But tourism depends on safety. This study shows that northwestern Colombia is a super hotspot, an overlap zone for endangered mammals, birds, reptiles and amphibians, all at once. Tourism to Colombia is still small. This new analysis shows, for example, that if conservation efforts could focus on boosting tourism to Colombia, there would be a high payoff. The same applies for other overlap zones.
These authors rightly point to the enormous losses in biodiversity to date, and continuing threats to many species. But they also give us a set of priorities, places to focus efforts.
On the brink: Ceballos, Ehrlich and Raven have rightly raised the alarm on extinctions, but they seriously underestimate the plight of native species. Their estimates of species ‘on the brink’ are serious underestimates because most species are not monitored. For instance, the only long-term monitoring of mammal species across the whole of the northern savanna and northern desert regions, more than 2 million square kilometres, is on three national parks in the Northern Territory, some 200 sites. For half the savanna region, in north Queensland, there are zero monitoring sites. Scientists really don’t know the status of even the most iconic species.
There are no Recovery Plans for most threatened species, and no money to research and manage them. Radical cuts to environment, research and national park budgets by all governments over decades, the period of greatest increases of species extinctions, have trashed any efforts at saving species.
This sad situation is compounded by Federal and State governments establishing, with Indigenous people, Indigenous Protected Areas, that now cover 44 per cent of Australia, but they underfund the estate by 95 per cent compared with government conservation estate. Australia claims Indigenous Protected Areas as part of its national estate where many threatened species live but does not provide the resources to manage that estate.
This recent study by Ceballos and colleagues is yet more dire confirmation that we are destroying life at a horrific pace and scale. As they note, the 400 vertebrate species that have gone extinct in the previous one hundred years, would normally take 10,000 years under a normal ‘background’ rate of extinction. This work and that of many other conservationists is demonstrating that there is a gross failure of governance and duty of care for this planet’s inhabitants, which we share Earth with and are enriched by and utterly dependent upon.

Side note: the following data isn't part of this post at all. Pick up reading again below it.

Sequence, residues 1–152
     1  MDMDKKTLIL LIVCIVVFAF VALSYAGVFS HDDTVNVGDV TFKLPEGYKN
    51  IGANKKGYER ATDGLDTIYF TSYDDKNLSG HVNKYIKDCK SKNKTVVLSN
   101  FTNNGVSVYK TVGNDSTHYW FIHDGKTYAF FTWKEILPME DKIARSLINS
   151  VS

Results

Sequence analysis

Australia is indeed one of the world’s worst conservation performers, despite the fact we are a relatively wealthy nation and our remarkable plants and animals are largely irreplaceable, being found nowhere else. Crucially, there is still time to stop the extinction crisis worsening, and COVID-19 has taught us that we can make big and rapid changes that benefit the environment. We simply cannot afford any further delay to a transition to a more sustainable way of life.
This new research is an important contribution to our understanding of extinction rates for the world’s fauna. Much previous work has focussed on known extinctions in recent centuries, and used that to project future extinctions. Here, the focus is on species that ‘hang by a thread’ but are not yet extinct; specifically species whose global populations now total fewer than 1000 individuals. Using these new data, their projections are that already grim extinction rates are likely to get much worse. Indeed, they estimate extinction rates in the coming decades may be more than 100 times greater than background extinction rates.
The links between human health and wellbeing, and the health of our planet are well known. This research highlights the fragility of the earth’s support systems and the urgent need to act. The call for the conservation of endangered species to be elevated to a national and global emergency is both warranted and urgent.
In Australia, amongst other actions, this means the halting of native vegetation clearance, effective management of invasive pests, best practice management of our existing conservation reserve system for the benefit of nature, and efforts to restore landscapes beyond reserve boundaries.